Quito’s Oldest Church: Guápulo

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On a foggy day, the church in Guápulo is completely hidden by the mist that covers the valley like a pot lid. But if you dare to descend the Camino de Orellana that winds through the village like tightly-spun yarn, you’ll be rewarded with the stately sight of the Sanctuario de Guápulo.

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The church is Quito’s oldest colonial church, founded by Spanish explorer Fransisco de Orellana in 1541. The plaza in front of the church bears his statue. And also, a few guys shooting the breeze on a bench.

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The colonial churches in Quito always amaze me with their attention to detail.

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And this grand old woman has recently been restored.

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One of the caretakers was busy giving this lady a bath with a scrub brush and a bucket.

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He told us we’d missed out, though, because while we were playing in the park, they’d taken down the gold statue in the centerpiece of the altar to clean it.

(Side note: my sister is pretty.)

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But our bellies were rumbling and the kids were whining. As beautiful as it was, it was time to go.

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Travel with the Locals: Guápulo Park

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Guápulo is technically part of Quito, but it feels worlds apart. Quito lies in the narrow valley between two mountain chains. Guápulo is on the other side of the northern mountain border, on the way to Cumbaya, one of Quito’s suburbs on the plains outside its narrow valley.

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The town was established by the Spanish and later incorporated into Quito. But on this sunny December day, we headed for a new public park on the far side of the village. We would never have known about it if my sister and brother-in-law didn’t live there.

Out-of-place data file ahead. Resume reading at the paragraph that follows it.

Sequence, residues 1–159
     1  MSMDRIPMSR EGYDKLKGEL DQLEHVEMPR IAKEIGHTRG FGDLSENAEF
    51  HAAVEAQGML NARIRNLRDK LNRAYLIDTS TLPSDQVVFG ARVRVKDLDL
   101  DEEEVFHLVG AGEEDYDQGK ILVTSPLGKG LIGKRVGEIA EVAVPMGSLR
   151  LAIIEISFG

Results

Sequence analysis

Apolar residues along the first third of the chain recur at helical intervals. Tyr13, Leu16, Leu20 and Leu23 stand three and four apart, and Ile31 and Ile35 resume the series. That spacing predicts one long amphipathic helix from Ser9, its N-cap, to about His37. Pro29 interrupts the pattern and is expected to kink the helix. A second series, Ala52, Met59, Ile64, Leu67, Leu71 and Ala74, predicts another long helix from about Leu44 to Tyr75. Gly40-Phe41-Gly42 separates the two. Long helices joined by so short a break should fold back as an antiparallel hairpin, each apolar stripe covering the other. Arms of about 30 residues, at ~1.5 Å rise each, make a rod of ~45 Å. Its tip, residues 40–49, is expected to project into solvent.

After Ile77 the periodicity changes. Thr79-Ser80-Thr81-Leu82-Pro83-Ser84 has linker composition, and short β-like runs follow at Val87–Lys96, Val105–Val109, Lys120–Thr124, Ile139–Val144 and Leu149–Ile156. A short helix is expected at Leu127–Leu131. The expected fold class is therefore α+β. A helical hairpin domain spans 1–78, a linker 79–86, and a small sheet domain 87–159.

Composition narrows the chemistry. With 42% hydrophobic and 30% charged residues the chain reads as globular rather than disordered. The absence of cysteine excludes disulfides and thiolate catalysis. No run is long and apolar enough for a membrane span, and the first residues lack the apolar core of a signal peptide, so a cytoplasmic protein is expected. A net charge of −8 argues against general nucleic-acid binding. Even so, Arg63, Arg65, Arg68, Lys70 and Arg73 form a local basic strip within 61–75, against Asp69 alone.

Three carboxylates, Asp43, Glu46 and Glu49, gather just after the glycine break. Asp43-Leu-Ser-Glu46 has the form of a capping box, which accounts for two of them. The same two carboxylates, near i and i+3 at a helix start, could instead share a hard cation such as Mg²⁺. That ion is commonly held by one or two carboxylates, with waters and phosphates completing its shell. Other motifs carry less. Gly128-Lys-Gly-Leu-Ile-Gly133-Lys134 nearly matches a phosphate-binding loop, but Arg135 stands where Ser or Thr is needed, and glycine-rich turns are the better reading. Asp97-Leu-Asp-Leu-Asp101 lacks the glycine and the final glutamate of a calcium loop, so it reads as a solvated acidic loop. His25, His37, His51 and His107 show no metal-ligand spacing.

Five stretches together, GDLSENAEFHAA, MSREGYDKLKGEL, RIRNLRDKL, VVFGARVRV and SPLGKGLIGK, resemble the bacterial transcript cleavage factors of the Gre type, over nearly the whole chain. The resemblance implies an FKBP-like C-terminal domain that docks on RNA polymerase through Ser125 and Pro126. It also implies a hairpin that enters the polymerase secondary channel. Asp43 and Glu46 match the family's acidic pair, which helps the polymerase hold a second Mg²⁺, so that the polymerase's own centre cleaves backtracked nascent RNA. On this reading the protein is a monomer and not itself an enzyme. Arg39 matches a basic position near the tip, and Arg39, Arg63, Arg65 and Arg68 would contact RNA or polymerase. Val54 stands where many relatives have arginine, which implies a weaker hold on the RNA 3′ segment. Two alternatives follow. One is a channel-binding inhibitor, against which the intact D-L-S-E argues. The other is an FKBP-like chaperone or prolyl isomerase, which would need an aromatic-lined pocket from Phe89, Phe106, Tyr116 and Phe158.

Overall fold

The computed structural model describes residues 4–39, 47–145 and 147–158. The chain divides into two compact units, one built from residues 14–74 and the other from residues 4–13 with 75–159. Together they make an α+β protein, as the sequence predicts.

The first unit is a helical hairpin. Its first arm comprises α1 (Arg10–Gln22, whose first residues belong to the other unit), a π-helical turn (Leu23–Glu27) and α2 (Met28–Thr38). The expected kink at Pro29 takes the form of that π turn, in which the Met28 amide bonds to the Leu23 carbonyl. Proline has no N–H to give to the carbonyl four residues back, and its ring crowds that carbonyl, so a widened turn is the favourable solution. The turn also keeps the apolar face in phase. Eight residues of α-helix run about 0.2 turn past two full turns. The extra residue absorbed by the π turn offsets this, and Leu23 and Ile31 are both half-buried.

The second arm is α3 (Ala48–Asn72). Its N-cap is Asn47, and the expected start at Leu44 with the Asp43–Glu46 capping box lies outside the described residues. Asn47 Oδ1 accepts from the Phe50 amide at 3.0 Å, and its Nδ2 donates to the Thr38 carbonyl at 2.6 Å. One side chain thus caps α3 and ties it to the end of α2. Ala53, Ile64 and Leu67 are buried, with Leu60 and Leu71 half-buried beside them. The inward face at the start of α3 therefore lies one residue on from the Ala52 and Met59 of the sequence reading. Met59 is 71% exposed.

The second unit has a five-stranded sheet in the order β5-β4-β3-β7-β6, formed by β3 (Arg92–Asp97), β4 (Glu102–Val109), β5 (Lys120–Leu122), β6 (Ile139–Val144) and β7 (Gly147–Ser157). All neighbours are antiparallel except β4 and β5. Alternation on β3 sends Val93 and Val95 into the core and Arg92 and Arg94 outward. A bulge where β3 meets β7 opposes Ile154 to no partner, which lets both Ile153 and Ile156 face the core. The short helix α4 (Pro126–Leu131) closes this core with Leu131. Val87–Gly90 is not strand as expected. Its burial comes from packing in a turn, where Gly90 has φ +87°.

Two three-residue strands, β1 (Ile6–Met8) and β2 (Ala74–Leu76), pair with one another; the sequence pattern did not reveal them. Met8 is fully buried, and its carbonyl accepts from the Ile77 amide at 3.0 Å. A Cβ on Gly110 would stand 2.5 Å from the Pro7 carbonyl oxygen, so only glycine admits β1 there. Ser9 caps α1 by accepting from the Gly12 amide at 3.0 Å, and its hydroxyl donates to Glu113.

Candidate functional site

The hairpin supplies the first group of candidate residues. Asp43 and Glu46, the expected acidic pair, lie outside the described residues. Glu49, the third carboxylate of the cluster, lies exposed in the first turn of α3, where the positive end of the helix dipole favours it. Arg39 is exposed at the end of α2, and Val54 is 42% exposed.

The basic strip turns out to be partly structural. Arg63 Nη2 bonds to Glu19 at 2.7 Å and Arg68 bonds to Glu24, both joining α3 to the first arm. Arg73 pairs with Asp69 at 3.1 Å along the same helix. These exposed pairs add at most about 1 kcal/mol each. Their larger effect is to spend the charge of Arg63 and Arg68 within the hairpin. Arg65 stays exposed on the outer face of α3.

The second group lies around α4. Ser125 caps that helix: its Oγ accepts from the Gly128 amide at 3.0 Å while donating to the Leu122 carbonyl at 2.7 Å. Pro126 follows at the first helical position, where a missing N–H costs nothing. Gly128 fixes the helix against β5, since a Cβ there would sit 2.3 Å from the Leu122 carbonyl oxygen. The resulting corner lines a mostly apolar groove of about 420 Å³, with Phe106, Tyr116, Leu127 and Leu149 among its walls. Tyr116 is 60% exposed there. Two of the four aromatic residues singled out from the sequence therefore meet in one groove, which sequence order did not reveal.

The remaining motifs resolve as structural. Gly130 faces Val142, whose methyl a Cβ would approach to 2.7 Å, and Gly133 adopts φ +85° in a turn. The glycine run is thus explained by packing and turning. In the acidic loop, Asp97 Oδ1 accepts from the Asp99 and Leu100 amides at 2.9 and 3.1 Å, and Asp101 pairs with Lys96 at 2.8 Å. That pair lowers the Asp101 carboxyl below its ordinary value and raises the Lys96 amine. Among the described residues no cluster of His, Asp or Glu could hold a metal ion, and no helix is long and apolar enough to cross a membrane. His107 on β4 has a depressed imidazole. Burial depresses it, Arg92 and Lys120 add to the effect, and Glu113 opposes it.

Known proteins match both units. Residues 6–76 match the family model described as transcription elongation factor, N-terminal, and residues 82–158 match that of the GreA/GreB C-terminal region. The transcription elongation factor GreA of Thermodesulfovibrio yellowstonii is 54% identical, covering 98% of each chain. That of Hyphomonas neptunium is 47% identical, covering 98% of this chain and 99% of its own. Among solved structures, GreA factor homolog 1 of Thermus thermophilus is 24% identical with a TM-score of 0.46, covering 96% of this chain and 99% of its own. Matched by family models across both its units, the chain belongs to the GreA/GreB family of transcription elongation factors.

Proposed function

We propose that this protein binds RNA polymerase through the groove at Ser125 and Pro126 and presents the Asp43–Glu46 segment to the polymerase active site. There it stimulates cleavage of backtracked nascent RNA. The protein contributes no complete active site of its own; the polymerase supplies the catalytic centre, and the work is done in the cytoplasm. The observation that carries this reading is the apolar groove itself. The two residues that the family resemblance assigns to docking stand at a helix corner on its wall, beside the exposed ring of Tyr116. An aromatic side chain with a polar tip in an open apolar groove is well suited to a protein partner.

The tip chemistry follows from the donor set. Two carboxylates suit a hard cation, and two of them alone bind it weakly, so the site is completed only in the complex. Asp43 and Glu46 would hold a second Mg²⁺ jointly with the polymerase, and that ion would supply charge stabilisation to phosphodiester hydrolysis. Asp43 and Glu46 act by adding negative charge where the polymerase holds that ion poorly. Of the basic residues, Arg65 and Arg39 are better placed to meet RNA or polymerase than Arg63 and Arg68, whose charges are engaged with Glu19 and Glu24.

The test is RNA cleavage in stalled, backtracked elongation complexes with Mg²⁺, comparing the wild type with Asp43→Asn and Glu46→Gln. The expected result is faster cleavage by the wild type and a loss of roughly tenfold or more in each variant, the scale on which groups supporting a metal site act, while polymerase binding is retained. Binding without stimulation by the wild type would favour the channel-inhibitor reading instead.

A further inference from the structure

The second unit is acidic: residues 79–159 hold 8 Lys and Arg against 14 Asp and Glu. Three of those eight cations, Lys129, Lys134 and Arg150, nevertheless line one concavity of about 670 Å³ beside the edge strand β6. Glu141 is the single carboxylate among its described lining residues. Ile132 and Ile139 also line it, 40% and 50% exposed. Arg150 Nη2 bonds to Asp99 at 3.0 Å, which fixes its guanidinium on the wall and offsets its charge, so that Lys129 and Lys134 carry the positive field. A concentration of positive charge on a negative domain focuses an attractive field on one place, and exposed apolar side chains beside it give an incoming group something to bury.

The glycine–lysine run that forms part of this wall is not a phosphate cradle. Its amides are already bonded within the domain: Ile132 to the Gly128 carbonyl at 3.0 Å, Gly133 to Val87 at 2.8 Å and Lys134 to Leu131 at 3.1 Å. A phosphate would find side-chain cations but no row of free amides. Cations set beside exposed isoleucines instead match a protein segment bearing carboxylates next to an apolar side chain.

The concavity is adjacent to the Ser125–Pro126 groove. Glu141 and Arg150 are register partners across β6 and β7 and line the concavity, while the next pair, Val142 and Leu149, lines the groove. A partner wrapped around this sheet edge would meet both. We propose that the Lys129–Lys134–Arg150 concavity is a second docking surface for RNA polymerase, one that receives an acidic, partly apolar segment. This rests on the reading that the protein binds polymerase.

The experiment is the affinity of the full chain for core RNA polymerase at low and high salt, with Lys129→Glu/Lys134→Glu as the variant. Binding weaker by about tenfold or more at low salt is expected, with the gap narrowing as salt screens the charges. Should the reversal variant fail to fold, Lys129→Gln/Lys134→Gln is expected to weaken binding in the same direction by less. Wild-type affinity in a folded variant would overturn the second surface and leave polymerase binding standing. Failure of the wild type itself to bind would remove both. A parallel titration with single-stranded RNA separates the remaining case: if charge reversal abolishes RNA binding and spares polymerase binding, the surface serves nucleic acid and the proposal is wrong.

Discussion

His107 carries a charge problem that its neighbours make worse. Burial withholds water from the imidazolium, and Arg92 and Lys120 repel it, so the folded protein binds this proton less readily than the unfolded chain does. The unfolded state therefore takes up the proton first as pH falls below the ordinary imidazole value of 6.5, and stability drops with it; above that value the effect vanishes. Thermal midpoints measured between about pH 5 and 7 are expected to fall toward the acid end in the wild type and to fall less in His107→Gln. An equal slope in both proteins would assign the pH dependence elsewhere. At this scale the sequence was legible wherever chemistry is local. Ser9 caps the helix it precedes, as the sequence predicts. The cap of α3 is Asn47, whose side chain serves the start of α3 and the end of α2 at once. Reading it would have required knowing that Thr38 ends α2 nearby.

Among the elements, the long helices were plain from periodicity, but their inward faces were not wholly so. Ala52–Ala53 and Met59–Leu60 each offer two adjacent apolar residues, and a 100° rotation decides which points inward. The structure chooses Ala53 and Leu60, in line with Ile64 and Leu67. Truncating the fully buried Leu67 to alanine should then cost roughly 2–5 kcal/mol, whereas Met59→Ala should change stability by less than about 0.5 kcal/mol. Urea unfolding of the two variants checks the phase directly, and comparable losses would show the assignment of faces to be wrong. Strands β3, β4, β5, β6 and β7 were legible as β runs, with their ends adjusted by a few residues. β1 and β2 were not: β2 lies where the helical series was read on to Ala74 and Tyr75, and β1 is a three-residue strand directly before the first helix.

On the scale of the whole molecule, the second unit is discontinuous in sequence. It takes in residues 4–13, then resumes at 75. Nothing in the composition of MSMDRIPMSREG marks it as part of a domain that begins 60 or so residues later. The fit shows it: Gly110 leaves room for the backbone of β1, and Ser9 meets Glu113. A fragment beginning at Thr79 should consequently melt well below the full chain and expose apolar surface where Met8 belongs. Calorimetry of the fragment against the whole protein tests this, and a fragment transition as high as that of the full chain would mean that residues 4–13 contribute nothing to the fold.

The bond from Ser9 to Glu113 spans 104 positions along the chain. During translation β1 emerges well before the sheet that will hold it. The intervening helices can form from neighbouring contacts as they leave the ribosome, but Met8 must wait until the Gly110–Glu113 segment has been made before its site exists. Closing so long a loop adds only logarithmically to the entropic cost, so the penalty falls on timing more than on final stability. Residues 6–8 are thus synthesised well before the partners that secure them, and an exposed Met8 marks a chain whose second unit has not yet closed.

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According to the security guard who my dad made friends with, the land was formerly owned by the owners of one of Ecuador’s major banks. (UPDATE: Banco Popular.) They stabled their horses on the land. When things got bad with the economy (or they were about to get caught embezzling), the owners left the country (with all their millions, of course), and the land was seized by the government.

Today, it’s a lush hiking, picnicing and leisure area.

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After a stop for croissants, our gang descended Guápulo’s winding Camino de Orellana through the town, then up again to the park entrance. The path into the park was steep, but even the kids and grandpa could handle it. And everything was green and lovely, with eucalyptus trees lining the way, providing a soundtrack as the wind ruffled their leafy limbs.

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We stopped for breakfast at one of the picnic areas, and lazed about, enjoying the deep blue skies and warm sun on our faces.

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[Spoiler alert: I should have worn sunscreen.]

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But we were ultimately headed for the playground, so we continued on.

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It turned out to be one of the coolest playgrounds I’ve ever seen, with wooden structures, a zip-line and all the things, plus views of Cumbaya beyond.

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My dad always says he’d never want to be in one of the high rises peering down from the mountain ridge during an earthquake.

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We played hard (even grandma went down the zip-line!), and too soon it was time to head home for lunch and naps.

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So we climbed back up the path (those of us who don’t live at 9,200 feet altitude took it slowly). And we certainly were only able to scratch the surface of all the fun to be had at Guápulo.